Heteronormative Valentine’s depictions marginalize LGBTQIA+ community


Courtesy of Pixabay

Illustration of a same sex couples.

Samantha Carrillo, Opinion Writer

Valentine’s Day is stressful for a multitude of reasons.

It can be easy to be consumed by conceivably heteronormative problems — such as celebrating alone, being away from loved ones or having confusion about what to buy for a significant other — predicaments abound on this holiday. Consequently, we may be unaware of quieter issues that the holiday sparks outside of commonplace discourse.

The LGBTQIA+ community can hardly formulate a perspective regarding Valentine’s Day, as they are continually underrepresented. The holiday perpetuates a fixed depiction of couples and romance as primarily held between a man and a woman. Acceptance of heteronormative relationships is transparently furthered through media which commonly displays straight and cisgender (gender conforming) couples. Such portrayals delve through commonplace complaints about Valentine’s Day, shedding minimal light on experiences of those in the LGBTQIA+ community.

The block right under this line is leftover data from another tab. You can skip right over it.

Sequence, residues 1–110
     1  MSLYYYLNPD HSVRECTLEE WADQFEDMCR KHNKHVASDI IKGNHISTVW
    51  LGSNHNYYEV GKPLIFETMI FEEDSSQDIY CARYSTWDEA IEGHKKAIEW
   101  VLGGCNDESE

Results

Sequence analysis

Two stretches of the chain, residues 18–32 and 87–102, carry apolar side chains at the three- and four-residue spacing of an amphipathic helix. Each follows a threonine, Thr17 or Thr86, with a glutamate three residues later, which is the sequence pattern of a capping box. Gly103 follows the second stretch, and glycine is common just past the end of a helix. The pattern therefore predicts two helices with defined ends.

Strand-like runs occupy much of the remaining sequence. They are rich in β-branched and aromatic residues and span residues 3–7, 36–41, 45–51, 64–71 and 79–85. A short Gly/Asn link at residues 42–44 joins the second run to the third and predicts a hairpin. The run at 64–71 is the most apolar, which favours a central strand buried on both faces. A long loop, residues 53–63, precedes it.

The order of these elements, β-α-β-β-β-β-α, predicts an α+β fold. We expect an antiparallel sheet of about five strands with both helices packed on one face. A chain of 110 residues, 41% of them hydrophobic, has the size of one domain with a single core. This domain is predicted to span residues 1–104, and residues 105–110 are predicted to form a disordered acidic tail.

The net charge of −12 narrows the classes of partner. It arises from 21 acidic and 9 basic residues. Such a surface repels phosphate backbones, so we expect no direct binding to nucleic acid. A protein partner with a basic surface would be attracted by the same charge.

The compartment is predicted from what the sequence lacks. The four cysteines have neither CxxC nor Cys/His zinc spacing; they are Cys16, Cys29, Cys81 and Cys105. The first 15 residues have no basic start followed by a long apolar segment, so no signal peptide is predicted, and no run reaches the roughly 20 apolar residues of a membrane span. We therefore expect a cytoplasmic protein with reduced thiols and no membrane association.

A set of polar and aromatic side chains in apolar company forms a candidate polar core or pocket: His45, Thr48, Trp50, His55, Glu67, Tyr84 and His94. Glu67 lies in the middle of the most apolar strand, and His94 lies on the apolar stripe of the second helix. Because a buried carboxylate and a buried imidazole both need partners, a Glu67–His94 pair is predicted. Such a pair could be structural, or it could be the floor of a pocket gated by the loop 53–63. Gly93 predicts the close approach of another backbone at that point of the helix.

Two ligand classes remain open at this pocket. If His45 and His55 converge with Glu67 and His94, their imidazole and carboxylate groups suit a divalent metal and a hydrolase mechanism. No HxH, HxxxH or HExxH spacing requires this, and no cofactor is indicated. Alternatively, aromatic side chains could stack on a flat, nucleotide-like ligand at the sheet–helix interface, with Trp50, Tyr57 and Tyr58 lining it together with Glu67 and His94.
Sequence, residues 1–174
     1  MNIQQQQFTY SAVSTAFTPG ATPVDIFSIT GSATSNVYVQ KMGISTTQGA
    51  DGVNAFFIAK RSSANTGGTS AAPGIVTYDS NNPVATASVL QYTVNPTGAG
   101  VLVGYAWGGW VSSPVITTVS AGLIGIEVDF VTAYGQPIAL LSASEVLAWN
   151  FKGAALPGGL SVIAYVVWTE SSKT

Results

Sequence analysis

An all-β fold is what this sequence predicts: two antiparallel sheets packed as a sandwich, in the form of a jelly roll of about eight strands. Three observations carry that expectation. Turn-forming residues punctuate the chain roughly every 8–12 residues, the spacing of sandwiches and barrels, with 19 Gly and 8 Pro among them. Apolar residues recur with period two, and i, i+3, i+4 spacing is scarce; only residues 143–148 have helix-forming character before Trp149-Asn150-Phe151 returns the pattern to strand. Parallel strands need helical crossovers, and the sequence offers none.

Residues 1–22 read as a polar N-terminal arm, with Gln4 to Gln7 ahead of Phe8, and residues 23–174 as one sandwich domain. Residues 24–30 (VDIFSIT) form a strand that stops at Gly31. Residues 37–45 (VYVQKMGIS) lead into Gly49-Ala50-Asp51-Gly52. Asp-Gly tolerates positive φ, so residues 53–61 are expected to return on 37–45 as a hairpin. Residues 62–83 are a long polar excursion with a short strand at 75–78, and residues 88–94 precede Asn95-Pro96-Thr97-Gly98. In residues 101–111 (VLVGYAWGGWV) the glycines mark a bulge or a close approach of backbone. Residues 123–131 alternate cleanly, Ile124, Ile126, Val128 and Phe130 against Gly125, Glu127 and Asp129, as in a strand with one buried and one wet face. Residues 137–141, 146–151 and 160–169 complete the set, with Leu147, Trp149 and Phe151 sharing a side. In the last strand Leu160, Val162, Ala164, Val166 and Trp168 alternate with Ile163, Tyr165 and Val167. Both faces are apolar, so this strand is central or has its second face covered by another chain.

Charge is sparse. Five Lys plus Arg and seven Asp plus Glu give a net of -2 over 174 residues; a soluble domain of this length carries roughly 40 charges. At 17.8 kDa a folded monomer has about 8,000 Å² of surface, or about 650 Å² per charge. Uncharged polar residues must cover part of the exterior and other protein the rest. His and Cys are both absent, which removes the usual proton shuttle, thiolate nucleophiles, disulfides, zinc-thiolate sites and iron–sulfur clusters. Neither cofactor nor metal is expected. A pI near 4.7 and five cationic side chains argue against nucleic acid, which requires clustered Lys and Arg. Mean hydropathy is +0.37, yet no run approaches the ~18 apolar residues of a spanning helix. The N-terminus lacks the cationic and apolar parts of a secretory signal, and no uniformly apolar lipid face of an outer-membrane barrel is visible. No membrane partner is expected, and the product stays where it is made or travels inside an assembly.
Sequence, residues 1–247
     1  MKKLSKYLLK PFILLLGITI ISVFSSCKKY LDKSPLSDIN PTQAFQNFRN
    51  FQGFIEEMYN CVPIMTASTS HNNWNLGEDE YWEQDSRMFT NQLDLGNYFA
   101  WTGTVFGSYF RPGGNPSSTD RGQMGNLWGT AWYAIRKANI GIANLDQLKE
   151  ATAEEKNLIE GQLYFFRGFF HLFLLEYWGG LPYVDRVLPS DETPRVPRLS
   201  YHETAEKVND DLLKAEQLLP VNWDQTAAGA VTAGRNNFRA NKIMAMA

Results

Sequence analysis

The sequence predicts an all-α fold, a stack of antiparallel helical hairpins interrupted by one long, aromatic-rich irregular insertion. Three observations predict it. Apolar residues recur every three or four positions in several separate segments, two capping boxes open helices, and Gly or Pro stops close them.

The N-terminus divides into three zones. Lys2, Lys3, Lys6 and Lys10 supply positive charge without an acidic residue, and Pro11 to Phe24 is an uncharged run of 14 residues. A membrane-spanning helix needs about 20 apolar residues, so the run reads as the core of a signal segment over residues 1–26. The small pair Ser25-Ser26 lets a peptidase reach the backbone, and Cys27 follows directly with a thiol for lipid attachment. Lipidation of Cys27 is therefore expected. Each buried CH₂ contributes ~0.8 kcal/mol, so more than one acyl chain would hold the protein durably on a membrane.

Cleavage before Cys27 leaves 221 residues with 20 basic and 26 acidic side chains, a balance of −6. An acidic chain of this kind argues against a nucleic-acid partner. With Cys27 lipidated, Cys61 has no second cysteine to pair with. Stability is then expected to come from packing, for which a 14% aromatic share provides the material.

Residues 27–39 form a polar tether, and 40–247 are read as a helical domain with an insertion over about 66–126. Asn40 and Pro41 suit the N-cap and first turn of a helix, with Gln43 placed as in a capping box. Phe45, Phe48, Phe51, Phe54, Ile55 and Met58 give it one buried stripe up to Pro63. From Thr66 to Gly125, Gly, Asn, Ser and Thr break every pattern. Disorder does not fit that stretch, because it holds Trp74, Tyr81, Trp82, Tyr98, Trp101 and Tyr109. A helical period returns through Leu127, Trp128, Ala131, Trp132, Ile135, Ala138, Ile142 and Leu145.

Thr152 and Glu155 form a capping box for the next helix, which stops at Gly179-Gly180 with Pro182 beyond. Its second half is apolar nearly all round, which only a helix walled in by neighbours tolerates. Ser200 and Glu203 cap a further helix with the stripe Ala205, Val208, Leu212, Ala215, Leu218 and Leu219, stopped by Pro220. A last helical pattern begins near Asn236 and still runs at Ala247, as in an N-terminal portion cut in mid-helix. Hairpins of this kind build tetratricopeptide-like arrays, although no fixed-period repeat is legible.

Additionally, stores that advertise matching items for couples under categories like “his” and “hers” exclude LGBTQIA+ couples altogether. Although straight or cisgender couples are not affected by this issue, it does not make it any less pertinent.

What seems like a minor microaggression has the potential to cause further harm to the community; it is important to draw attention to the fact that “his” and “hers” are not the only pronouns that belong together, especially for such a socially relevant holiday where the primary focus should be embracing love and relationships.

Furthermore, for those identifying as part of the asexual/aromantic community on a day set aside for romantic couples, social relevance is lacking, unfortunately. Those who identify as asexual possess no sexual attraction or romantic feelings for others, and thus, asexuality is too frequently invalidated as an orientation.

It is crucial that for this coming Valentine’s Day and many after, that we remember the relevance of inclusiveness and keeping in mind how harmful advertising and mainstream media can be. Allowing LGBTQIA+ couples to have the representation they deserve on a holiday as relevant as Valentine’s Day will undoubtedly create harmony and unify instead of divide.